How Digital Transformation Changes Work Design : A Butterfly Emerging from its Chrysalis?

University essay from Linnéuniversitetet/Institutionen för organisation och entreprenörskap (OE)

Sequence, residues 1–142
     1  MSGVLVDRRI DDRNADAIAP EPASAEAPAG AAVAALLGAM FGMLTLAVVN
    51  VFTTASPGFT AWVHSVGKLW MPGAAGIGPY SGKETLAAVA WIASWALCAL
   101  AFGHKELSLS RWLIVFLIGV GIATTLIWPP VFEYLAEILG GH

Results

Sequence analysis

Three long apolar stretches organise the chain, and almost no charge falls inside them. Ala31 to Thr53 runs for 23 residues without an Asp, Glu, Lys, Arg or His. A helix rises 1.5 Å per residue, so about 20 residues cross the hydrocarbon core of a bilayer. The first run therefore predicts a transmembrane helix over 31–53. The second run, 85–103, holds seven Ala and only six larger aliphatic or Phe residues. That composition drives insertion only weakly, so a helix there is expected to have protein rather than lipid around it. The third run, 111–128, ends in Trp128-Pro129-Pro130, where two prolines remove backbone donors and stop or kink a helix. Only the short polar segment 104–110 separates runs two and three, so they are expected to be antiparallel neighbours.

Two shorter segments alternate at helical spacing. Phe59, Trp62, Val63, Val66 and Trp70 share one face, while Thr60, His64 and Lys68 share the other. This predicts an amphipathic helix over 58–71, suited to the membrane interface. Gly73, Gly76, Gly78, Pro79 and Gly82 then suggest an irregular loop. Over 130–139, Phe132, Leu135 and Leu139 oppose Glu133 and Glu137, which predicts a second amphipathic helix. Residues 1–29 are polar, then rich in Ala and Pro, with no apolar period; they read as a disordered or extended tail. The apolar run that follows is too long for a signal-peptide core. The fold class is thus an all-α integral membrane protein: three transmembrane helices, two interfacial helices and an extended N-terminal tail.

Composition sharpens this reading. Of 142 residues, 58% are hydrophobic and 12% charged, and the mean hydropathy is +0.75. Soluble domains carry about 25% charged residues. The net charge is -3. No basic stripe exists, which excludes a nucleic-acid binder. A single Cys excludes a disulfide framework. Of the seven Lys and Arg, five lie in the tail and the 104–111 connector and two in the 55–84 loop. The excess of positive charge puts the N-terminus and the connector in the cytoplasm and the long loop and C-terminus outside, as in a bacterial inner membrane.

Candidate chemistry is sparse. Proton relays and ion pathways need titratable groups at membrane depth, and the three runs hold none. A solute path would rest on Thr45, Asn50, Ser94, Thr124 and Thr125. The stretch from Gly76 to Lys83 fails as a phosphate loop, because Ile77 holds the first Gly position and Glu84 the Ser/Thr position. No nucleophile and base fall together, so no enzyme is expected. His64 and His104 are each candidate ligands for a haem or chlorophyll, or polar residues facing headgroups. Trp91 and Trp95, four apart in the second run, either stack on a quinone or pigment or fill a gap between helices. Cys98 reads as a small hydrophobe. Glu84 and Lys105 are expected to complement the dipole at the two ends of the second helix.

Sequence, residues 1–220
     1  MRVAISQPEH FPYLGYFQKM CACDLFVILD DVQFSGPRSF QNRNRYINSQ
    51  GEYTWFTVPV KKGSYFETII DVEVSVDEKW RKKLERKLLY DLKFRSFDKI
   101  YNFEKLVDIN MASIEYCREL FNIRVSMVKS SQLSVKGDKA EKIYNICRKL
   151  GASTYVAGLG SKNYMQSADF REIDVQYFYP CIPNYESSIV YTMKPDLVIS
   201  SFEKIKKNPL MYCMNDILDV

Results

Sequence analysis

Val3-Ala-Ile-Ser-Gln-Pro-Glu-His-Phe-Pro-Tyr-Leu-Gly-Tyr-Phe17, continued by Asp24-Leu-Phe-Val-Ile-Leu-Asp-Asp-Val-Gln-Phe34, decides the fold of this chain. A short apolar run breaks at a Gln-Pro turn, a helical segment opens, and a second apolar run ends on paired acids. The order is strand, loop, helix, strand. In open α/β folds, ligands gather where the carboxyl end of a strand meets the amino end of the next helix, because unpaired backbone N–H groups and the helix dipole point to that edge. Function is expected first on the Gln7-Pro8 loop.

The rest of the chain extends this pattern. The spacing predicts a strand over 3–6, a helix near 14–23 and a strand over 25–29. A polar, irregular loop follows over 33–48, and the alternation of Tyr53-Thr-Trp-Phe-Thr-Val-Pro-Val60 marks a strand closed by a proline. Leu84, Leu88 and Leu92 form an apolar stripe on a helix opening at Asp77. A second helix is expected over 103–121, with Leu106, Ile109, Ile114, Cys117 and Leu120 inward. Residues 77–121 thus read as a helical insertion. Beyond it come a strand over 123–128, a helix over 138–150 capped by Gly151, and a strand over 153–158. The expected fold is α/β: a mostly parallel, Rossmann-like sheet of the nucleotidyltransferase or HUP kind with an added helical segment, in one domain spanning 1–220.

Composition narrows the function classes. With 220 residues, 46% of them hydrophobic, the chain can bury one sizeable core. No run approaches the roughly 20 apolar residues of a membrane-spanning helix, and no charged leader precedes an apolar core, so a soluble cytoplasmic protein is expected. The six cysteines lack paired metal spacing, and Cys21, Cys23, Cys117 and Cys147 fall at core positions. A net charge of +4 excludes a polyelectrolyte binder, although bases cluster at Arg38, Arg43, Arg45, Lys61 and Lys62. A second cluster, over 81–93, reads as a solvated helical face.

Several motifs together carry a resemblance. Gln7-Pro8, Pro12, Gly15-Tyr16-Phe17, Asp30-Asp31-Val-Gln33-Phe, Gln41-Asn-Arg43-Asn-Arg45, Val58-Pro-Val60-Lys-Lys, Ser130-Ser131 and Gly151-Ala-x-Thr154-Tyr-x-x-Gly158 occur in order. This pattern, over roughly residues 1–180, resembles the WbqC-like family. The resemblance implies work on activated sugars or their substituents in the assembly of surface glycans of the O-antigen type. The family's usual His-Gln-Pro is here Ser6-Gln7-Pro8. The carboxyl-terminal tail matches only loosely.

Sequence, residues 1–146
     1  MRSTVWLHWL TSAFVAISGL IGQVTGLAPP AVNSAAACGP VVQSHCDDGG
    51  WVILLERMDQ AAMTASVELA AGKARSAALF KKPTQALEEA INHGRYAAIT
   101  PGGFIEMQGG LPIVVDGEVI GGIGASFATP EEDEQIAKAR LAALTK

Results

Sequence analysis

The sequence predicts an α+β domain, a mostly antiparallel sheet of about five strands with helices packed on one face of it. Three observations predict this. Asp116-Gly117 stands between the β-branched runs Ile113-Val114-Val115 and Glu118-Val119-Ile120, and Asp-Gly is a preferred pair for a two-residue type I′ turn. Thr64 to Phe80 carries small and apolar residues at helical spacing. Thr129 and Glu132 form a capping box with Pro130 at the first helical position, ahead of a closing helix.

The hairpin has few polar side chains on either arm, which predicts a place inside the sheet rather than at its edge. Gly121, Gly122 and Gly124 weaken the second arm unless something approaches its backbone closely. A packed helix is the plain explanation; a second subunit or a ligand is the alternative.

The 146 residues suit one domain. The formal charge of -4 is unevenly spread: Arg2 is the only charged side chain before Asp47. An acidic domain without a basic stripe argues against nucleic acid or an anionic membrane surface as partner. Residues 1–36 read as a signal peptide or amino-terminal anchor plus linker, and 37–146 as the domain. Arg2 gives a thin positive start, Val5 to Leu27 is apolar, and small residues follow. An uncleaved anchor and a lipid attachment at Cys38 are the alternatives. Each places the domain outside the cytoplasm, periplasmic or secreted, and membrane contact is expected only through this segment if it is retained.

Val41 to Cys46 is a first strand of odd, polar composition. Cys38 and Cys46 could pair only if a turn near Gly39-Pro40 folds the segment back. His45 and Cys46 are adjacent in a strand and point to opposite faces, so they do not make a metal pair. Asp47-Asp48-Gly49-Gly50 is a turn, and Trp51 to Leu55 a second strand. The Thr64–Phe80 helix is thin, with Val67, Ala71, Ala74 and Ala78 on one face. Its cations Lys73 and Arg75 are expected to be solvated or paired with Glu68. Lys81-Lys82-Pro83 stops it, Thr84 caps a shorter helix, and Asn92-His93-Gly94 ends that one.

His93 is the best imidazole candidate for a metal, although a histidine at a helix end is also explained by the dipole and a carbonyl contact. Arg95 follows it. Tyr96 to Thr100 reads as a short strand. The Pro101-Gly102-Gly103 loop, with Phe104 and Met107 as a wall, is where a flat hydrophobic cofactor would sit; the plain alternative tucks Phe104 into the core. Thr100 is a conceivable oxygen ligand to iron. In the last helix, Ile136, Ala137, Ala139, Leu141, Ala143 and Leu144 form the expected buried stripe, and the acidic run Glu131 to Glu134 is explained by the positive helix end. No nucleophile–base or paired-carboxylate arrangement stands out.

Abstract: Due to rapid technological development and its increasing impact on our everyday life, the way we work, and the conditions under which we do so, organizations may lose their competitive edge if they do not participate in the digital transformation. Extant literature highlights individually researched areas on how digital transformation changes work design such as virtual teams or communication technologies but rarely examines the phenomenon in more general terms. However, because work design is vital for a range of outcomes including but not limited to employee cognitions and learning, productivity and innovation, job satisfaction and commitment, as well as employee health and well-being providing a broad view on how digital transformation affects work design in today’s organizations is beneficial. Therefore, this Master Thesis provides an overarching picture of the changes in work design owed to digital transformation in contemporary societies, combining previously researched change dimensions with new insights from empirical data in a comprehensive framework. Two different qualitative methods, an online qualitative expert survey conducted with 39 participants followed by three semi-structured expert interviews revealed that changes in work design owed to digital transformation can - in line with the literature reviewed prior to conducting the study though varingly strong discussed - be categorized into the following six domains: Performance measurements, higher job demands and increasing competency requirements, increasing technologization, increased influence, work-life setup, communication and collaboration. Next to that, results suggest performance measurements as another change dimension evolving from digital transformation. Moreover, this Master Thesis suggests a strong relation between changes in work design and changes in leadership owed to digital transformation, wherefore future research may aim to study the interrelations between changes in both subject areas in more depth.

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